Sunday, December 12, 2010

Giving In To Expression And Circumstance: Art And Craft In The Social World

Sometimes we talk about life as if though it is something we control, something we make happen. And sure, it is, it can be. But what if sometimes it isn't? What if sometimes we just are swept along by circumstance and can't do much else but think and express ourselves clearly. What if sometimes we aren't in control? Or we aren't as in control as we might think? What if circumstance dominates us? What if I want to make certain things happen but I can't? What if I want to make a certain conversation happen, or make it go a certain way, but things just go differently. Something happens and suddenly plans fall apart.

How are we to best approach life? Are we to approach it is a process by which we make things happen? By which we turn the raw materials of our life into a finished product that we have planned out? Or is there another way?

Right now I'm asking all these questions because I think that Collingwood's distinction between craft and art has some interesting things to say about this.

Collingwood defines craft as a process by which we convert a raw material into a finished product that has already been planned out in our minds. The construction of a table is a work of craft, the construction of a bookcase is craft.

Art, on the other hand, Collingwood defines art as the imaginative expression of our emotions. It is a process by which we use our consciousness to transform our raw emotions into a state in which they can be expressed by our imagination. Art is always the creation of imaginary objects. It is the creation of something in our mind. It is expression. It is not craft.

What if our lives could be more about than they could be about craft? What if we were worried a lot more about living consciously, and about expressing ourselves, than we were concerned with turning a certain situation into something we wanted? What if we were concerned with expression rather than executing a social plan or strategy?

This has a few implications. It means first of all that we are giving into circumstance: we are giving in to social circumstance in which certain situations demand us to behave in certain ways, and we are giving into personal circumstances in which we simply have to accept the emotions that we are having, and we do our best to express them.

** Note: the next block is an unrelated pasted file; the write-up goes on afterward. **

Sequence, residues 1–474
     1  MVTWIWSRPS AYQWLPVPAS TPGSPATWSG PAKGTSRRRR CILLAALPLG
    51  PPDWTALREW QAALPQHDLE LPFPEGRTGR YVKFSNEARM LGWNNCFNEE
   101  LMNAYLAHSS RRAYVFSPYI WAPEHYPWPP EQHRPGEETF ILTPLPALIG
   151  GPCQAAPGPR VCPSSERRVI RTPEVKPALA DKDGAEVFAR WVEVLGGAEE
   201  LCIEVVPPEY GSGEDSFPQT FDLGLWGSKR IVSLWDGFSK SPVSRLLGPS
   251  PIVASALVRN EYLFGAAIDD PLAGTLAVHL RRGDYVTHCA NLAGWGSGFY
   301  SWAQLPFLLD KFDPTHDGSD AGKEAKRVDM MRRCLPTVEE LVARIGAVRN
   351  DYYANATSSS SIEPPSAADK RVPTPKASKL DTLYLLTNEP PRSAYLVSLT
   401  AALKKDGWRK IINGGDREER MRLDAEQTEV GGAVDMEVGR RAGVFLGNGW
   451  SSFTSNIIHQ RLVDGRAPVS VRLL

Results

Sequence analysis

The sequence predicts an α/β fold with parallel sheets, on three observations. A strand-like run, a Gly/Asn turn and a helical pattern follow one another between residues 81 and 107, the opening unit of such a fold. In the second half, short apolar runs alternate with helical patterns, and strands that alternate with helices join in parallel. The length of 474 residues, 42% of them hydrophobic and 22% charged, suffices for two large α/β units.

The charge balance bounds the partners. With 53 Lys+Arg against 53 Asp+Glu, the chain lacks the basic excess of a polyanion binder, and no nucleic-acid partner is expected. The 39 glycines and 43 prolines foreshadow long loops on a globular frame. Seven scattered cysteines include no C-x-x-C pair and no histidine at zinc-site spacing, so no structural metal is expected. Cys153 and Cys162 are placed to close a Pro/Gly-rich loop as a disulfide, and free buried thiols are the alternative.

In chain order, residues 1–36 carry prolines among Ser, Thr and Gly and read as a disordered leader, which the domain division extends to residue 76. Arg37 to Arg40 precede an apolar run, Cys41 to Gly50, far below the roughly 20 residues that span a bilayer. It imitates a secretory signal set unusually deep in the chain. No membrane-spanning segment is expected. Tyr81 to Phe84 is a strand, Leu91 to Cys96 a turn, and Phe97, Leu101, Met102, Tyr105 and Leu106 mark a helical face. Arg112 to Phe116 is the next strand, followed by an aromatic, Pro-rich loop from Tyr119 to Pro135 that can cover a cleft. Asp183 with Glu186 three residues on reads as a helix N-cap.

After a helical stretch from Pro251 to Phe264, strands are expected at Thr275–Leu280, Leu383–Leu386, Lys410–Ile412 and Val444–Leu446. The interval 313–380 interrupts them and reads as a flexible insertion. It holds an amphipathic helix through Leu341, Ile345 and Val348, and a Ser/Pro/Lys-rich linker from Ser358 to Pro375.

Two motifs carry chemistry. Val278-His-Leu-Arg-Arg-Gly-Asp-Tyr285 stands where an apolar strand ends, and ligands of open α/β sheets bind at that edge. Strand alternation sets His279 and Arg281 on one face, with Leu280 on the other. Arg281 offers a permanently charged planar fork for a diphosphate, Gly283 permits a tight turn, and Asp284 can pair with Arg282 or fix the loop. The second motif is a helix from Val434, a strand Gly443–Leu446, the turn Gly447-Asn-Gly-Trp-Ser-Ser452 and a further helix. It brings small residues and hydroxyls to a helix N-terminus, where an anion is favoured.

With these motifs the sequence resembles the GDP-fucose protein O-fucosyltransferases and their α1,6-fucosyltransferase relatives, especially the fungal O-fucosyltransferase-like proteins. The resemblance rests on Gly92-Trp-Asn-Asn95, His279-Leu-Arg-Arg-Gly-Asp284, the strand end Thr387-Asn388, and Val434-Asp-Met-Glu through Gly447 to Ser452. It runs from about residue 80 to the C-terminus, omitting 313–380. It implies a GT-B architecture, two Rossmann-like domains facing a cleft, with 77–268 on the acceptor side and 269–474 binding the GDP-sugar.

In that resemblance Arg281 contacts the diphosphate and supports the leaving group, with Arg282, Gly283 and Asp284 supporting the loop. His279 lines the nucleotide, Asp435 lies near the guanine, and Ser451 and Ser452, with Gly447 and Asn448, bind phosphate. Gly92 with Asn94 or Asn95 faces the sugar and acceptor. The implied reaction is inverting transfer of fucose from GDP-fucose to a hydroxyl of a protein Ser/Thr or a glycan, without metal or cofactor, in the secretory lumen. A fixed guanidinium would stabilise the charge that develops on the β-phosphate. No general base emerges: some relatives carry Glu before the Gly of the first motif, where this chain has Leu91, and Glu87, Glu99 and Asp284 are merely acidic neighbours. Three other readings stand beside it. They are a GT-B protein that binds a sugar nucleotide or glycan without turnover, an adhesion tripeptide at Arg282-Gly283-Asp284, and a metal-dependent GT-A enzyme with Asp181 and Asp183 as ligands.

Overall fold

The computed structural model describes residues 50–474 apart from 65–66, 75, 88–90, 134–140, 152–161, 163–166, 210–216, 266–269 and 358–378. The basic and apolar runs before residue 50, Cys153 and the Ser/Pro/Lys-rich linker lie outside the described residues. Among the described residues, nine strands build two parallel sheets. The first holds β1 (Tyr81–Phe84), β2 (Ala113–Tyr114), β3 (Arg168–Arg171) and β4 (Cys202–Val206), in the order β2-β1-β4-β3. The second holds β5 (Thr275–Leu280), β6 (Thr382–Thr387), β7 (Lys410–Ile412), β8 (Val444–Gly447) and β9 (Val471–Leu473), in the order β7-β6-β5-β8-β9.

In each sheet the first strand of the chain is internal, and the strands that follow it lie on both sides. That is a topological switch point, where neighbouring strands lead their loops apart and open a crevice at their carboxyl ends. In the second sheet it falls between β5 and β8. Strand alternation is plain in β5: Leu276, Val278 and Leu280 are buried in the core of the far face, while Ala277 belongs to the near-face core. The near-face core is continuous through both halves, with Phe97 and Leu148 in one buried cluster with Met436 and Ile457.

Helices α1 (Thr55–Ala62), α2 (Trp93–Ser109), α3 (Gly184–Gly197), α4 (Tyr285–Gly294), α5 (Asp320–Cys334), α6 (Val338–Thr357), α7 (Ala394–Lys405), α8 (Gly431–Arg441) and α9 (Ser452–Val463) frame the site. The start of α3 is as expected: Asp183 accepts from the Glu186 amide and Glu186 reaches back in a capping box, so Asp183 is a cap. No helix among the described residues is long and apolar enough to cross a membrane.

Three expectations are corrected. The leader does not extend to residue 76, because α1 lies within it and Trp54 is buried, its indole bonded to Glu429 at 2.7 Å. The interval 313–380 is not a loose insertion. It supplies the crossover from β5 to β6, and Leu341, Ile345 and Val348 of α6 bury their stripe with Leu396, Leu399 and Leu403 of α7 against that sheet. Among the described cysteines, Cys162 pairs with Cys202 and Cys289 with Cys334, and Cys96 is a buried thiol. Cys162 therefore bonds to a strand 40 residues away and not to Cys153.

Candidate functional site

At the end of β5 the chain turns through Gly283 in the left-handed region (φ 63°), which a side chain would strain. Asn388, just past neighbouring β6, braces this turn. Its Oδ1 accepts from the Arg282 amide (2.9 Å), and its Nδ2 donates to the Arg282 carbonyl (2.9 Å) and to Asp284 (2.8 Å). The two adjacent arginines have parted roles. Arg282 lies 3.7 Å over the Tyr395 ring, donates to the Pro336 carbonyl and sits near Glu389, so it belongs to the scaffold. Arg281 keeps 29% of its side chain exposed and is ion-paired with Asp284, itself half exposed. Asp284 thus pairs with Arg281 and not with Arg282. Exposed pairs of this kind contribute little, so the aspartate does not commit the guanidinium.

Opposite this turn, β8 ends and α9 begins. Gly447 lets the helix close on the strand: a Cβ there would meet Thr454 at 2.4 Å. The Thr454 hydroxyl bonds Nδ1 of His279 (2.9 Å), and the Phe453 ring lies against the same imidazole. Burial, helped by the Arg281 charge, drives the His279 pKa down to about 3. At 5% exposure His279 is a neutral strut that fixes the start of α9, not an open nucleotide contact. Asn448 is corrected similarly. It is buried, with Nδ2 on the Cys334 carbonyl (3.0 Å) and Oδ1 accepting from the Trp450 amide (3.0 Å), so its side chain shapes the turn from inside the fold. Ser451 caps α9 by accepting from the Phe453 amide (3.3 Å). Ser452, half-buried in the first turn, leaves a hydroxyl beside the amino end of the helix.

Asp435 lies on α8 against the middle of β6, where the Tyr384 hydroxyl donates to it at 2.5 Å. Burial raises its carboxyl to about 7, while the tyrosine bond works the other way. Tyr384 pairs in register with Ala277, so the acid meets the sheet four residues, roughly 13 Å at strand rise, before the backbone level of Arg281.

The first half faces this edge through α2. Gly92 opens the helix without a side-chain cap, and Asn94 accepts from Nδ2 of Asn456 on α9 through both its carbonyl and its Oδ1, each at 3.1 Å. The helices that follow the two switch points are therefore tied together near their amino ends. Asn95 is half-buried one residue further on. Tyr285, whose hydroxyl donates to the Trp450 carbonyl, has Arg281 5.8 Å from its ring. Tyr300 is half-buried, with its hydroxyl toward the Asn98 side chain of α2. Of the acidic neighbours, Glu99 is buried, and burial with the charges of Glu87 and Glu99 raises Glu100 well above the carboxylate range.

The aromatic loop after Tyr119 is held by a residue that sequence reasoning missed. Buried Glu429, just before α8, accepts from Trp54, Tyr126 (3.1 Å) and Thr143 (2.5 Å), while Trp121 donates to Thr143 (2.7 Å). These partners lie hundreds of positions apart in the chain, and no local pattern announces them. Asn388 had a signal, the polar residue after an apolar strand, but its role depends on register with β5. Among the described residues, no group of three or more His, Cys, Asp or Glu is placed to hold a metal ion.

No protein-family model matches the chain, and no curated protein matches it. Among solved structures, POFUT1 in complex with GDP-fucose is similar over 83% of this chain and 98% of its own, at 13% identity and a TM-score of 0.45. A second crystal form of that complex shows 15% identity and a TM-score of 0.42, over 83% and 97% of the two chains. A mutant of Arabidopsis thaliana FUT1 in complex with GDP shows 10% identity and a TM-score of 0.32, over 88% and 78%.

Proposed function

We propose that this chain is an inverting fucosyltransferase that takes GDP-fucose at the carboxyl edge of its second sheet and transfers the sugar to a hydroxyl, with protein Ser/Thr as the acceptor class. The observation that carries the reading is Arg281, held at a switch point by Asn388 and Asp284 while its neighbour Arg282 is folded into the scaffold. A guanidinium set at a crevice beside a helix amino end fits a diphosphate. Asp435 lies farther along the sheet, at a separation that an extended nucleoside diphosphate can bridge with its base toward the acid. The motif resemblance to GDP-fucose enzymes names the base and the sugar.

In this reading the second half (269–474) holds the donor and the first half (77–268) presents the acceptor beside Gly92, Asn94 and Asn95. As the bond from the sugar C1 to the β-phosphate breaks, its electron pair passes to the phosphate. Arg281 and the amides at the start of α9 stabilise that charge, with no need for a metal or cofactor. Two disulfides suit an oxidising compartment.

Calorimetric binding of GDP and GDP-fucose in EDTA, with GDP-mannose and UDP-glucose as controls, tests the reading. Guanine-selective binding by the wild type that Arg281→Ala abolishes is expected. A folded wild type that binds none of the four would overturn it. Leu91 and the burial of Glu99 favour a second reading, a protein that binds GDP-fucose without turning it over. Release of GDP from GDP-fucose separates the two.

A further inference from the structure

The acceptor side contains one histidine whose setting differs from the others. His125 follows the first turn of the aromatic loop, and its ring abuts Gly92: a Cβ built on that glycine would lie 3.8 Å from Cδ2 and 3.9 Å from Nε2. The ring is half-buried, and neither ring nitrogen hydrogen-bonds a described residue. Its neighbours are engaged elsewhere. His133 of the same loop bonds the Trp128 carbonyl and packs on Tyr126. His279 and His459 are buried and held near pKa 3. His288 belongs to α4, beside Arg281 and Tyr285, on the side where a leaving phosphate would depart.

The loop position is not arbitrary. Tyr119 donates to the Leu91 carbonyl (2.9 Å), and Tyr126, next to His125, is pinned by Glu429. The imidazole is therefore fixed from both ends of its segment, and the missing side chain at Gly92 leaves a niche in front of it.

The idea of living life like a craft troubles me. I don't want to execute a strategy, or have some social plan that I bring into being. I don't want to fake an accent to get girls. I don't want to present myself in certain ways, I don't want to represent myself.

I just want to express myself. I want to tell people how I feel and what I think. I want to express lots of things to lots of people.

I don't want to live my life as a craft.

I want to live my life as an art.

And if that means giving in to simply expressing myself rather than representing myself, or if it means just giving in to circumstance instead of trying to take life by the horns, maybe that is okay. Or maybe it isn't.

Maybe we need to have life as craft so that we can make meaningful changes. Because if we are too busy just accepting things that could be bad.

But maybe the real thing is that the best way to change things is to accept things. A crucial problem that my aunt was able to pose yesterday at lunch.

How are we to change things if we accept them?

My quick and underdeveloped answer: by accepting things we are able to get the clearest picture of them, we are able to understand them. And only by understanding things are we able to change things. But that seems like it contains elements of craft.

My big essay 'Art, Zen, And Insurrection' is meant to probe this question of life as an art form. And so far I think that it is easy for me to recognize that the social world sometimes contains elements of craft. But I don't like that.

I don't like to hear people say how they are going to execute a social plan, a strategy.

I just want to express my love and hate.

I want to live like art, not like craft.

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